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The Bitcoin Halving is an event that reduces the rate at which new bitcoins are created and cuts the block reward that miners receive in half. This means that miners receive 50% fewer Bitcoin rewards than before the halving.

Since Bitcoin’s inception in 2008, we have seen two Bitcoin Halvings and we’re about to see our third. During the first four years after Bitcoin's creation, the block reward was 50 BTC. In 2012, this reward was halved from 50 to 25 BTC, in the following Halving in 2016, to 12.5 BTC. And now, after the 2020 Halving, it will drop to 6.25 BTC.

The Bitcoin Halving may affect the supply and circulation as it becomes scarcer. Some may be less willing to trade, reducing the supply and circulation. Or, we could see Bitcoin demand rising. The only thing we could do is learn from the past. So, here are five lessons learned from the past Bitcoin Halvings and what could happen after the Halving in May, 2020.

Lesson one: We learned how volatile Bitcoin is

When the first official Bitcoin Halving took place on November 28th, 2012, the price of Bitcoin was approximately $12 (USD). A year after the Halving, the price of Bitcoin “went to the moon” with an incredible increase of 8069%, ending up being valued at around $1000 and made history for crossing this barrier.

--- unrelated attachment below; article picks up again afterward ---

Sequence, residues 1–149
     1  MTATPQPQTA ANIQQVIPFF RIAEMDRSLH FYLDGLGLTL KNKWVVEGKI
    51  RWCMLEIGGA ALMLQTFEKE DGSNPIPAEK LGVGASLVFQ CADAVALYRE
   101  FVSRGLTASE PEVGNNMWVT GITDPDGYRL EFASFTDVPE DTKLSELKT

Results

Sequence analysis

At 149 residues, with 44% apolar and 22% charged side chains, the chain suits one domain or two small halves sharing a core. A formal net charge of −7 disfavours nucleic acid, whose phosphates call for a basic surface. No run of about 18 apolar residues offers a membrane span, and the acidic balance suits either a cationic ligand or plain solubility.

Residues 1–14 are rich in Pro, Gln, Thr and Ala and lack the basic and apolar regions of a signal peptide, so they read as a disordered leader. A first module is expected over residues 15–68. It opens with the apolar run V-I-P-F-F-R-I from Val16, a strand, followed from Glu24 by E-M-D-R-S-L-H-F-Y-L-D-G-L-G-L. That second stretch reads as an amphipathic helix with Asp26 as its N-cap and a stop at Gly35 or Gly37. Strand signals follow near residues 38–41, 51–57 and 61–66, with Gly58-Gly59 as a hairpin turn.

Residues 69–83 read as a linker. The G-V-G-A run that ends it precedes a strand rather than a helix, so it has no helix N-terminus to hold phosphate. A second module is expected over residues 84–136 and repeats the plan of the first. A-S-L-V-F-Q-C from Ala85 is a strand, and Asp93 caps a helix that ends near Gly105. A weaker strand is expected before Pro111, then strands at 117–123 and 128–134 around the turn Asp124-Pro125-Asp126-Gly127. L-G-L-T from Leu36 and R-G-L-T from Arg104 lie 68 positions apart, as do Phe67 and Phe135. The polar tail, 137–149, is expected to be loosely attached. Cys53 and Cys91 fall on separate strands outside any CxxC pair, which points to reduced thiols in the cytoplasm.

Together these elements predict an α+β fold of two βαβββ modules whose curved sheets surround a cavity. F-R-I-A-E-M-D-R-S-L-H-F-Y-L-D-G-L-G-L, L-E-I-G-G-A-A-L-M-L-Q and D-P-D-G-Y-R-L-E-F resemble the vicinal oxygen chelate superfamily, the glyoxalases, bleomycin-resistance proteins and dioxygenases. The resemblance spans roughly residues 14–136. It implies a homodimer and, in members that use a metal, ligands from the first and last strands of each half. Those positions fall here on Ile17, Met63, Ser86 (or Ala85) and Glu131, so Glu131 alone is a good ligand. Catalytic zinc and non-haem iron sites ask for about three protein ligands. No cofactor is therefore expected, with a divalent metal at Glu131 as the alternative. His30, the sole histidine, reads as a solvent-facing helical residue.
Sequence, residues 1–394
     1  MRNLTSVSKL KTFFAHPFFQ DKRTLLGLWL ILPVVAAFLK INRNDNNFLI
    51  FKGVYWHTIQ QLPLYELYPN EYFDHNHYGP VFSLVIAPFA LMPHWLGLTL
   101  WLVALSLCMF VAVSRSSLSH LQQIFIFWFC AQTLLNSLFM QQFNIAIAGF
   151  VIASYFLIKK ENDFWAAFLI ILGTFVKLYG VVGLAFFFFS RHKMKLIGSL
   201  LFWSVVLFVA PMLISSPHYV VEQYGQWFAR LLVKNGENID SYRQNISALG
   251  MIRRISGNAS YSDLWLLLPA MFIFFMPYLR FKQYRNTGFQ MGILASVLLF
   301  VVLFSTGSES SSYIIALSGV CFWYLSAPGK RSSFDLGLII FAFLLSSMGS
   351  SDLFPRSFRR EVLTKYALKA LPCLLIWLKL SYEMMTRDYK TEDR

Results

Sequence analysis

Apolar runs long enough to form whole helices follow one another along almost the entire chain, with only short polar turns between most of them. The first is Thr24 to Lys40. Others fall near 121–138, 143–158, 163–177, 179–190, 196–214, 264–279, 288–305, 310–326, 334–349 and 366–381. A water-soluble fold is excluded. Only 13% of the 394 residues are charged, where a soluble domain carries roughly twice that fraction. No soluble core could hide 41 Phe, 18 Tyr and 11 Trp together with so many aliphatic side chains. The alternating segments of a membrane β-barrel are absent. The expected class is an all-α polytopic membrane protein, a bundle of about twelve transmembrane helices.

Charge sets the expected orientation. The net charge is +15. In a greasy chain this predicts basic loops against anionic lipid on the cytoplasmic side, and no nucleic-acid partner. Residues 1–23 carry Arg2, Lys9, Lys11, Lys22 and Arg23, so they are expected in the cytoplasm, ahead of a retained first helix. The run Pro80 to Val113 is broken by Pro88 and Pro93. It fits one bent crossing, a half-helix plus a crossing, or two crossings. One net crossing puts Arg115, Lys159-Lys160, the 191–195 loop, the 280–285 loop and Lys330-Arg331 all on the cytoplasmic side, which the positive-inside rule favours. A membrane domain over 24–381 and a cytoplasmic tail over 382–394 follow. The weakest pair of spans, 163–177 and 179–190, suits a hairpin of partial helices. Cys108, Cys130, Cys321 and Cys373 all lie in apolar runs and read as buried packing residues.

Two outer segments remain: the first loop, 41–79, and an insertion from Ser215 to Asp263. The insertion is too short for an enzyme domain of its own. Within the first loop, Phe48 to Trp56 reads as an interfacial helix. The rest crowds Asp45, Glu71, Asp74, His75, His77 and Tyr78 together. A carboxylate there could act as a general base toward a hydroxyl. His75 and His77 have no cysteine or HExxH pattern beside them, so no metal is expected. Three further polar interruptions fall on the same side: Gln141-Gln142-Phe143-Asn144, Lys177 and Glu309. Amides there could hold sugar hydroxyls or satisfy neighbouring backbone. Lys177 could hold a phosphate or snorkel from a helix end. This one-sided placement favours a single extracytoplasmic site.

At this point, early investors who had taken a chance on Bitcoin were singing its praises. Unfortunately, after the year we also learned that what goes up must come down. The year following the Halving, in December of 2013, we saw a massive crash of the BTC price of more than 80%. The decline was owed largely to the Mt. Gox hack,one of the biggest and most notorious hacks in the history of Bitcoin. This event has become somewhat of a cautionary tale for all investors, as it showed just how important it is to do due diligence on where you buy your Bitcoin and how you store your private keys. As a side note, Bitpanda was founded in the year of the Mt. Gox hack to solve exactly the problem so many people had back then: how to securely and conveniently obtain Bitcoin. In terms of price, it meant that investors did not see a reversal of this bearish market until two years later.

Lesson two: Halving uptrends usually result in bull runs

Before the first Halving in 2012, we saw what is called a “pre-halving uptrend”. It brought a 341% increase in the price of Bitcoin and resulted in a bull run market. However, the price crashed again in late 2013, as described above.

Then once again, nine months prior to the second Bitcoin Halving in 2016, the price began increasing again up to 112% until it reached an approximate trading price of $650, again followed by a bull run. The price then increased, taking just a very brief and minor dip 12 months after the second Halving, and then kept rising towards its all-time high.

If we consider history an indicator, we can learn from these findings that there is a distinct pattern in the Bitcoin market, which is unique in terms of its predictably lower supply every four years and an overall trend towards increased demand. Keep in mind that this is only a look at the past and we should always take those lessons with a grain of salt. We will leave you to study and interpret these patterns as we move onto the next lesson.